Everyone has dreams of an alternative career, but how many of us have actually pursued them?
Career courses and the dreams that we realise
Name a job in the UAE that you would like to have if you were not already employed in your chosen career. Surely only those supremely contented in their work never wonder what else they might do to earn a living. Rumours of me being difficult to please are greatly exaggerated. In Abu Dhabi, I would gladly have accepted one of a number of roles far removed from the trade of journalism. I think I would have been happiest as road traffic supremo, empowered to devise spot penalties for such infractions as failing to indicate before performing a manoeuvre; turning left from the right and veering across four lanes at the last moment, or driving any vehicle whose size and appearance I found offensive. If no opening existed in my first choice of alternative career, I would have settled, say, for an executive post at Manchester City with authority to send all the best players on loan to my own club. It is fair to say this is not a proposal Mark Hughes and I have yet had an opportunity to discuss.
Famous people change careers, too. Pop singers becoming television presenters or actors hardly count since the activities are too closely related. But that leaves plenty of interesting case studies: Johnny Cash from US air force intelligence (he intercepted coded Soviet army communications) to country music; Gordon Ramsay from footballer to celebrity chef. At a newspaper where I previously worked, redundant staff were given fairly generous retraining allowances. Whether or not this was intended as a hint - "let's face it, you're no good at this so you may as well try something else" - it was welcome consolation.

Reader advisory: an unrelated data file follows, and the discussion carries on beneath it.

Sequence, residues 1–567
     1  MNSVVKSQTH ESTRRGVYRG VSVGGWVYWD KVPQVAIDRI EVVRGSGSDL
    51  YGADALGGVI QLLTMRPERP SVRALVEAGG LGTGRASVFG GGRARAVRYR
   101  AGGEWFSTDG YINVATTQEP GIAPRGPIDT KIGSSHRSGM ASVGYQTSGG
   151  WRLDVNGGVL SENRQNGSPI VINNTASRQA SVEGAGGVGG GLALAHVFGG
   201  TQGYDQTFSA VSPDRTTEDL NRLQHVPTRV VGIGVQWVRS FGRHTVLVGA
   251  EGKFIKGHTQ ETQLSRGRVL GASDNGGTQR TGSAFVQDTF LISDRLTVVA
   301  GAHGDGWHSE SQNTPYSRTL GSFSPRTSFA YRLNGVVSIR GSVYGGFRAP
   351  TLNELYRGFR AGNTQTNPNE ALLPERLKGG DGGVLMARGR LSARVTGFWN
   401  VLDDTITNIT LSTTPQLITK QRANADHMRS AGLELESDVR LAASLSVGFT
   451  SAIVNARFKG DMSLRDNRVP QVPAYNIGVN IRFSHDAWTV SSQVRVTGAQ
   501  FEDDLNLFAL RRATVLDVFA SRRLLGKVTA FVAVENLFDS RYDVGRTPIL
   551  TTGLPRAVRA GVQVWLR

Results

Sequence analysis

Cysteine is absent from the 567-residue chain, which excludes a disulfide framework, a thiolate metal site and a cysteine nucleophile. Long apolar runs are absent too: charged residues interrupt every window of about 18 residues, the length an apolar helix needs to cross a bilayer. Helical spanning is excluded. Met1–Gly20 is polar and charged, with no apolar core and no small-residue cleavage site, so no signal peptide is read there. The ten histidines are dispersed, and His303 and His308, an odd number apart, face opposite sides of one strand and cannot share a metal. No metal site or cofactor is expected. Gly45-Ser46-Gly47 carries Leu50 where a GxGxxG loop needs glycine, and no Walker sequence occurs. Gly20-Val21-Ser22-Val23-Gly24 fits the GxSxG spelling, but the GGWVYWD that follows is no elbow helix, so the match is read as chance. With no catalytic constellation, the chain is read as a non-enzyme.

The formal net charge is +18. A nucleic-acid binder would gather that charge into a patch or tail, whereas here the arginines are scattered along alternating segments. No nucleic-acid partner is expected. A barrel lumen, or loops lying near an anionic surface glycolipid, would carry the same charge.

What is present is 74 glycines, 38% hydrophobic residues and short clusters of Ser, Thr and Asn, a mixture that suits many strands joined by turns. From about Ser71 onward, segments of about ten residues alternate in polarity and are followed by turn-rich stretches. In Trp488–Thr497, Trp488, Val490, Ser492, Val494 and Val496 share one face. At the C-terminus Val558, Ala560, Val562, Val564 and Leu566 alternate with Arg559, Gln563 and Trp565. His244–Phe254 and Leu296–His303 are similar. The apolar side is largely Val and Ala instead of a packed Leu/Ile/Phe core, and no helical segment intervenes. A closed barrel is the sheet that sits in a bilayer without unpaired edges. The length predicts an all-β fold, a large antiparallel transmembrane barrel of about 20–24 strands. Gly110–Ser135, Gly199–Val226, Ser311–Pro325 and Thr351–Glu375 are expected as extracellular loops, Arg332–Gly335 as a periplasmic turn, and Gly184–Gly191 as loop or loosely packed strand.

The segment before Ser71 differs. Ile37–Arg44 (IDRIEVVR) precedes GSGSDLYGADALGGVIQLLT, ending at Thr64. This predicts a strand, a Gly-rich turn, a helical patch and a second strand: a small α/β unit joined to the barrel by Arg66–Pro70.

When my time came, I wanted to develop websites and opted for a short course offered by an IT wizard. Since travel and accommodation expenses could be claimed, I also used it as an excuse to get home for a while from France to Britain. One journalist I know went on a plumbing course after working out how much she could save - and possibly earn - if she could mend her own and others' leaking pipes. Another woman was so fascinated by the court cases she covered as a reporter that she qualified in law and went back as a barrister.
I have come across crazier notions. When I told a man doing maintenance work at my home in France about my ex-employers' retraining scheme, he let me into his secret. He longed to reinvent himself as "Madame Pipi", the wonderfully informal name given to toilet attendants at the Eiffel Tower. "Not everyone's choice," I ventured. "Ah," he replied, "but think of the 35-hour week, decent pension and wages boosted by a captive audience feeling obliged to leave tips."
Some dreams are never realised. When last I checked, he was still maintaining properties. email@example.com